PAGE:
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1927 Map of the Arboretum

1981: Western States Botanical Expedition

Western red cedar (Thuja plicata, accession 1474-81*C) foliage. Kyle Port
Western red cedar (Thuja plicata) foliage.

Plants collected on this Expedition

Plant ID Accession Date Received As Origin Source

Expedition Stats


Event Type
Collection Type
Arnold Arboretum Participants
Robert G. Nicholson

For three weeks in September 1981, Arnold Arboretum assistant plant propagator Rob Nicholson lead an expedition collecting plants in the Great Basin region of the Rocky Mountains in the western United States.

Thuja plicata 1474-81*C
A western red cedar (Thuja plicata, accession 1474-81*C) showing it’s graceful conical habit. Kyle Port, 2012.

Disjunct Plants

Nicholson was searching specifically for disjunct plant populations—small, distinct groups of plants occurring outside of their native ranges—with the goal of comparing them to the larger populations of the same species. Comparison of disjunct populations can provide clues about a species’ historical range and its reaction to changes in climate. They may also have traits which differ slightly from the main population, such as increased winter cold hardiness.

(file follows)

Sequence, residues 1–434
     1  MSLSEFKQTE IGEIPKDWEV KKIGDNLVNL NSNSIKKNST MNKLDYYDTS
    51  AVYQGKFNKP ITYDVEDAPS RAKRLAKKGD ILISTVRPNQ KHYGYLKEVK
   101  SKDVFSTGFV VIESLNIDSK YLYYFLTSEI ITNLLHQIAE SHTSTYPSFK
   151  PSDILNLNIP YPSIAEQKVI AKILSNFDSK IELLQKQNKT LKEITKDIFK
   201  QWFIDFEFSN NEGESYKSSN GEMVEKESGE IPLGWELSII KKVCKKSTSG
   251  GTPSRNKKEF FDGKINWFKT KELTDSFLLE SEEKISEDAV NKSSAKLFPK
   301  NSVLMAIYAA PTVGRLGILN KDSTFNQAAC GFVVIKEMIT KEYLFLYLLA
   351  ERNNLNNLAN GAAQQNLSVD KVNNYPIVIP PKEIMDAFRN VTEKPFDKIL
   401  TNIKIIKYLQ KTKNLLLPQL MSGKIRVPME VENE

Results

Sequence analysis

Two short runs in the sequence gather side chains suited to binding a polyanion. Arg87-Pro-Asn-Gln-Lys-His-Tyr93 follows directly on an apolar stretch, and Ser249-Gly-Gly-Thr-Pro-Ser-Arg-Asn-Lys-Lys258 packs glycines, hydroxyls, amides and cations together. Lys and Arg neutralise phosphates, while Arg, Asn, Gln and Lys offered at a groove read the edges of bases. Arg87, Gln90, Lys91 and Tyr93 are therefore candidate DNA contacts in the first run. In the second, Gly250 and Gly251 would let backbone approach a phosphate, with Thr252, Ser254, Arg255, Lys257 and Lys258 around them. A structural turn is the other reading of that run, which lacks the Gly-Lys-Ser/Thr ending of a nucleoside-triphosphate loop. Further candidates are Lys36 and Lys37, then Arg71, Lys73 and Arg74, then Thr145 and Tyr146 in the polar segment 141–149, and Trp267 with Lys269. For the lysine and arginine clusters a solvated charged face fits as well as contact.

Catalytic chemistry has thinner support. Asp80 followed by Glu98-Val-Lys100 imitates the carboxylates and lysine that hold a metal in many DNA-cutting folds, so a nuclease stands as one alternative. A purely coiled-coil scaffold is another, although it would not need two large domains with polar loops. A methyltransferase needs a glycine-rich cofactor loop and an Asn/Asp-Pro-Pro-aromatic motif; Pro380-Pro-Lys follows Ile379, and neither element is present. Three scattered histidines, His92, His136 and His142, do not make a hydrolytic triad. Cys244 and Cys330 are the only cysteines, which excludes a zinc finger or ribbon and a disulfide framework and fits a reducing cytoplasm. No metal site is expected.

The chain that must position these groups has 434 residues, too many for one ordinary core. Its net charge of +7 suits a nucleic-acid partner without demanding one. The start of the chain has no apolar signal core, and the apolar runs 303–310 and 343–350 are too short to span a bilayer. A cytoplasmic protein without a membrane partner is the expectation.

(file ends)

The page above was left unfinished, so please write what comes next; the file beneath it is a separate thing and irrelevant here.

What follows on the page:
On the Road

Nicholson covered over 5,000 miles (8500 kilometers) in these few weeks, snaking through central to southern Colorado, through Utah, and into northern Arizona and up to Idaho.

In Slavonia, Colorado, he encountered the first disjunct of the expedition, the Cascade azalea (Rhododendron albiflorum), however he primarily sought out conifers (including the Englemann spruce, Picea englemannii) from distinct forest populations that were isolated on mountains among the surrounding desert regions. In Utah, Nicholson spent several days collecting at Mesa Verde National Park, and Abajo Peak near Monticello, before he continued on to Moab, in search of the elusive Knowlton hornbeam (Ostrya knowltonii).

The Oak Creek Canyon near Flagstaff was his first stop in Arizona, and home to bristlecone pine (Pinus aristata). This particular population is over three hundred miles from its nearest neighboring population of the species. In the nearby San Francisco Mountains, Nicholson was caught in a terrifying thunderstorm that dropped hailstones the size of dimes. He recalled, “The thunderclaps were both frequent and loud, and at that altitude [10,000 feet (3048 meters)] one had the feeling of being within the storm rather than under it.”

He then journeyed on to Idaho to seek out a famous disjunct population of pacific dogwood (Cornus nuttalli) which grows far outside its normal coastal range. A surprising and exciting find was the Oregon maple (Acer macrophyllum), also far from its native range. Nicholson hoped that seed from this maple would be hardier in the Boston climate than previous collections.

Back in Boston

Unfortunately, the bulk of Nicholson’s collections that were grown on and planted out into the landscape have not survived. The A. macrophyllum for which he had high hopes for vigor and cold hardiness was among those plants that died. Arboretum records report that while this accession survived out-of-doors for a few years, it eventually perished.

Dig Deeper

Read about Rob Nicholson’s expedition in this 1982 Arnoldia article.